- The Washington Times - Tuesday, July 30, 2002

D.C. police are searching for the gunman who shot and killed a fire cadet outside a Southwest nightclub early Sunday morning.

Marcus Holness, 19, was leaving Club Abyss at 1824 Half St. SW at about 3 a.m. Sunday morning when he was shot twice in the head at point-blank range.

Police spokesman Sgt. Joe Gentile said the shooting is being investigated by the Metropolitan Police Department's violent-crimes unit. He said detectives are interviewing witnesses to determine whether the shooting stemmed from an argument inside the club.

The club had just closed, and about 200 patrons were making their way out when an unidentified man fired shots into the air. Cadet Holness was among those running from the shots, toward a parking area, when a second man with a gun shot him in the head as he crossed Half Street.

Police sources confirmed yesterday that Cadet Holness was carrying a loaded assault rifle in his car.

Cadet Holness, who was wearing department-issued shorts and carrying his department identification, was one of 20 cadets involved in a yearlong firefighting course paid for through a $365,000 federal grant and administered by the D.C. Office of Employment Services as a form of affirmative action.

Cadet Holness was expected to graduate from the cadet program next month. The rest of the class graduated July 15, but he had not passed a physical-agility test and was serving light duty at the department's training academy because he had been critically wounded in a stabbing in May.

In January, Cadet Holness was a witness to a shooting incident involving two other cadets.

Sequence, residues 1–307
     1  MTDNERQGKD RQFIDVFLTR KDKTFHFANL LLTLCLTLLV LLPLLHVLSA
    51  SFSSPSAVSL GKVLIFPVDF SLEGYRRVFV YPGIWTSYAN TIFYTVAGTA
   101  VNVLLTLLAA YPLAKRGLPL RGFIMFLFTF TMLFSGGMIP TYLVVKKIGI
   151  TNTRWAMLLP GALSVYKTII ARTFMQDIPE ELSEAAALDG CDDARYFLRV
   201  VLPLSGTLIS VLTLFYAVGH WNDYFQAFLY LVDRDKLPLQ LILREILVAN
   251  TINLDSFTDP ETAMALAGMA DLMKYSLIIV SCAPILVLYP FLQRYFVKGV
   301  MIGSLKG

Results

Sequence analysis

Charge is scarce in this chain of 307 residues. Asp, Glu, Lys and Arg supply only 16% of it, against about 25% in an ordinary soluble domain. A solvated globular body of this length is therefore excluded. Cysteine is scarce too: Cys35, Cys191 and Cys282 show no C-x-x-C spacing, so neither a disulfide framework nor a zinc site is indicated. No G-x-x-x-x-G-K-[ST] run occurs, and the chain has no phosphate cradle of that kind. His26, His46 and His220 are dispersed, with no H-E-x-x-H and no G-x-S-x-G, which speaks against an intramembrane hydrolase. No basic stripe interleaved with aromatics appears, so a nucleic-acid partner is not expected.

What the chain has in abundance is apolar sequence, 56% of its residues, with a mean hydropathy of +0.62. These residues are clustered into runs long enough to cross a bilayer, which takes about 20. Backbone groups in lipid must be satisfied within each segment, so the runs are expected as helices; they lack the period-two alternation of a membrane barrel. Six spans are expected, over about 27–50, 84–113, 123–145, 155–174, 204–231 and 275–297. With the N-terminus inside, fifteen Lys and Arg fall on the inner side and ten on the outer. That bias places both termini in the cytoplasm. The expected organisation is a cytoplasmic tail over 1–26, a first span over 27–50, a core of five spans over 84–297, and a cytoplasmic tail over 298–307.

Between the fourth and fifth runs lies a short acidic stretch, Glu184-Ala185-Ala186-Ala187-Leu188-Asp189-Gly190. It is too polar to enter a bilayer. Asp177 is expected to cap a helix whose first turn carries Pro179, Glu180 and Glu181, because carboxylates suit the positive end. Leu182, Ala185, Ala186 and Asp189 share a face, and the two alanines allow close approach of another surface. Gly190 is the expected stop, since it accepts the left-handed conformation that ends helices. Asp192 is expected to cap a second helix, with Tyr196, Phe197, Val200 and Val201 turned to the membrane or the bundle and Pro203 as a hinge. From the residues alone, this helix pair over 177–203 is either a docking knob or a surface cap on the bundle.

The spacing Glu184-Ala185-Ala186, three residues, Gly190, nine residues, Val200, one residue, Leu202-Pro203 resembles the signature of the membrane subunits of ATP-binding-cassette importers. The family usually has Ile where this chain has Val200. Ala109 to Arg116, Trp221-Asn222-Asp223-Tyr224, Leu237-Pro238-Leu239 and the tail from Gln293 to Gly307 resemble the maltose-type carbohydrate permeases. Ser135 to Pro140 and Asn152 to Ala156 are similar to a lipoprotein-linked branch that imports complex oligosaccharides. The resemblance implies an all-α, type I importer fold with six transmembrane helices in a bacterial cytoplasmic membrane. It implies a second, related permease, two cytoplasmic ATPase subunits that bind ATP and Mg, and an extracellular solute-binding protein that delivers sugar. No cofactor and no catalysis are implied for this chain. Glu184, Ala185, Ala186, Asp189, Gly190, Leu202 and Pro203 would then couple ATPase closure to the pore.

According to court records, in the early morning of Jan. 1, Cadet Holness was a passenger in a car driven by Cadet Michael Holmone, 21, when the driver of another car Cadet Michael McKnight, 21 pulled up beside it at a traffic light on Minnesota Avenue NE.

"A moment later, gunfire erupted from the defendant's car," court papers say. Bullets struck Cadet Holmone in the face and neck. Cadet McKnight then drove off, according to court records.

In a development that has many old-school firefighters bewildered, the two other cadets made their way onto the D.C. Fire Department payroll earning $36,486 a year as city firefighters despite having been involved in the January shooting incident.

Cadet McKnight faces weapons charges and assault with intent to kill for his purported involvement in the shooting. Cadet McKnight's trial, which was scheduled to begin July 19, was delayed until Nov. 18.

According to program guidelines, a cadet can be terminated from the program for failing to "maintain proper conduct and attitude indicative of that expected of a career firefighter."

Cadets entering the program receive a $7.09-an-hour stipend during their year in the program. They are expected to pass Metropolitan Police Department and FBI background checks before enrollment. But fire department union officials have openly criticized the program for setting low standards in selecting cadets and for not holding the cadets to the same level of accountability to which they hold firefighters.

Cadet McKnight was also arrested in 1999 on charges of aiming a gun at police officers chasing a drug suspect. He dropped the gun after he was shot in the back by police, according to police reports. He was found not guilty of assault and weapons charges in that case.

Sources close to the class said several members, including Cadet Holness, failed the emergency medical technician component of the course, yet were allowed to graduate and become D.C. firefighters.

When instructors tried to remove failing cadets from the program, then-Fire Chief Ronnie Few directed the instructors to work overtime with the cadets to bring them up to standards.

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